10 DAY OLD MAGGIE MAY PLACED IN A WASHING MACHINE BY HER MOTHER FOR AN ENTIRE CLEANSING CYCLE – CCA0021 – UPDATED 07.23.2013
10 DAY OLD MAGGIE MAY PLACED IN A WASHING MACHINE BY HER MOTHER FOR AN ENTIRE WASH CYCLE
Maggie May Trammel was 10 days old when her mother, high on meth, placed her in a washing machine and turned it on and let it run for an entire cleansing cycle. By the time a relative found little Maggie, she had drowned.
Maggie’s great aunt, Rhonda Coshatt, went to the home Fiddler and her two other children, 4 and 3, lived at to offer some help to the new mother. When she arrived at the house, she found her niece, Maggie’s mother, Lyndsey Fiddler, passed out on the couch. She heard a clunking noise coming from the washing machine, as if it was unbalanced, and when she went to check what was causing it, she found little Maggie inside. Rhonda attempted to revive the baby, but it was far too late.
When Fiddler came to and realized what had happened, she proceeded to accuse her aunt of murdering the little girl. When rescue workers arrived at the home, they were deeply disturbed by what they saw. Their superiors have stated this case has scarred these people for life. I can’t imagine living with that image. The children, 6 and 9, are now living with a relative. DA Kevin Buchanan indicated that the 15 year sentence was in part intended to ensure her children would be adults by the time their mother was released for murdering their sister, and therefore they would never be in her custody again
Fiddler claims to have no recollection of how the newborn ended up in the washing machine. She was arrested and initially charged with child neglect, and held on $100,000.00 bail. Fiddler has an extensive criminal record. Among other things, she has been charged for driving without a license, larceny, assault and battery, and for driving with her young children not strapped into their car seats. She has also been charged with assault and has a drug charge from when she was 4 months pregnant.
Fiddler tested positive for a plethora of drugs, including methamphetamine, amphetamines, benzodiazepine and opiates. Recognizing the threat Fiddler’s children were under, her family attempted to intervene by getting her parental rights revoked due to her drug abuse, sadly the courts found a judgment in favor of Fiddler. Not long after, her daughter would end up dead.
Fiddler’s two other children were removed from her care, but the damage has already been done. These two children may have not been physically harmed, but they will forever live with the memory and images of their mother killing their baby sister.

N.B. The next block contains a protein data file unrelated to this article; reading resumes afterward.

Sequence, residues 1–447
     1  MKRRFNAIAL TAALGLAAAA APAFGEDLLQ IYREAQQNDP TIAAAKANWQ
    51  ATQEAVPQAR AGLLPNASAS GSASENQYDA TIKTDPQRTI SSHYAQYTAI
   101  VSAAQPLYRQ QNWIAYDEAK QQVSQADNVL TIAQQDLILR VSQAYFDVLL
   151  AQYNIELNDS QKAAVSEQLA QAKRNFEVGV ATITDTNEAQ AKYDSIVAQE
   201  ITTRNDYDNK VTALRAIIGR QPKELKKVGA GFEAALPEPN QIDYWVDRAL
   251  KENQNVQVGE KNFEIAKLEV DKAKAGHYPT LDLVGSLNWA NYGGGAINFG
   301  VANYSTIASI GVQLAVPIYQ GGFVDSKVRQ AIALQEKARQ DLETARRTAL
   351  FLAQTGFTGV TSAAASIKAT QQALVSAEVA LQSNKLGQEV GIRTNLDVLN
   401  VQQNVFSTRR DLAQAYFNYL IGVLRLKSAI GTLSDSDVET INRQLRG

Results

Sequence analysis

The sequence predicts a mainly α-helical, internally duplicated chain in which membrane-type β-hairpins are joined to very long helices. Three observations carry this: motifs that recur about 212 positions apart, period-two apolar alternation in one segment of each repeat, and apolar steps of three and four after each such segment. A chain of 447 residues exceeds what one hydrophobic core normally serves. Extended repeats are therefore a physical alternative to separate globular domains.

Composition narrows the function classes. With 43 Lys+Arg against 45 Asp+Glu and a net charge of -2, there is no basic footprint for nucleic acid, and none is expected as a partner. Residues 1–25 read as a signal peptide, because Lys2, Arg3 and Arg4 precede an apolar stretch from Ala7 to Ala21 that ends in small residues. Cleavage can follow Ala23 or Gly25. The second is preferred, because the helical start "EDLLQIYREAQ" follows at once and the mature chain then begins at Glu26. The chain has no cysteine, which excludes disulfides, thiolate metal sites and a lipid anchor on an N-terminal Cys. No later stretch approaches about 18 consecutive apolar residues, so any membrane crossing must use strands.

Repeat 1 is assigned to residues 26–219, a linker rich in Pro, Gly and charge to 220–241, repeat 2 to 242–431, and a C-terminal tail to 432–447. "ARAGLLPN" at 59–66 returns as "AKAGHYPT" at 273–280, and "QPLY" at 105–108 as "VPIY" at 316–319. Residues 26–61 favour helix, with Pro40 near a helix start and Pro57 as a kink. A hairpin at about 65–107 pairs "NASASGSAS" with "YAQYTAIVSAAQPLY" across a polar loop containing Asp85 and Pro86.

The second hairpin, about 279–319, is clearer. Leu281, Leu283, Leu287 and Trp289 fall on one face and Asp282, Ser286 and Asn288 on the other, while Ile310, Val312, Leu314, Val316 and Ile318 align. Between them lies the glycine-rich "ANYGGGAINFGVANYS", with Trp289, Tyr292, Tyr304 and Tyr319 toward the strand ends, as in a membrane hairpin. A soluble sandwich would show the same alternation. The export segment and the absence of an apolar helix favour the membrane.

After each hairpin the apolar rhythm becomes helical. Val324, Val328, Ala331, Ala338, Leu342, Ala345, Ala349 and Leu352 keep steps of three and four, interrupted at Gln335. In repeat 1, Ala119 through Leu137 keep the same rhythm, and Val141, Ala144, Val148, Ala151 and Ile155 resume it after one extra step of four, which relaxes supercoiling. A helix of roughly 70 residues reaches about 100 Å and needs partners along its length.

Fiddler’s charges were upgraded to second-degree manslaughter and child abuse by neglect, and she subsequently pled guilty to the charges. Washington County District Court Judge Curtis Delapp sentenced Fiddler to 15 years in prison and 15 years on probation. Many people are outraged with the sentence and believe 15 years in prison is no near enough for the murder of a 10 day old baby girl.
Washington County District Attorney Kevin Buchanan explained the reasons which surrounded their recommendation for sentencing. The prosecution ran into a few problems, one being the blood sample taken from Fiddler shortly after Maggie was found in the washing machine. According to Buchanan, there was not enough blood taken to fully test the substances in her blood, meaning they could confirm what was in her system, but could not determine the amount of said substances. The results of Fiddler’s test made it difficult for Buchanan to fully convince a jury of which woman was responsible for the baby’s death, and this was a chance he was not willing to take.
The other reason involved Coshatt, when her blood sample was analyzed, they found hydrocodone in her system, however, authorities were able to determine that Coshatt was on prescription medication and has done nothing wrong, and was not impaired in any way when she found Maggie.
Personally, I am sticking to my theory that the punishment should be enduring the exact same treatment which Maggie did. Since when has being high a reasonable excuse?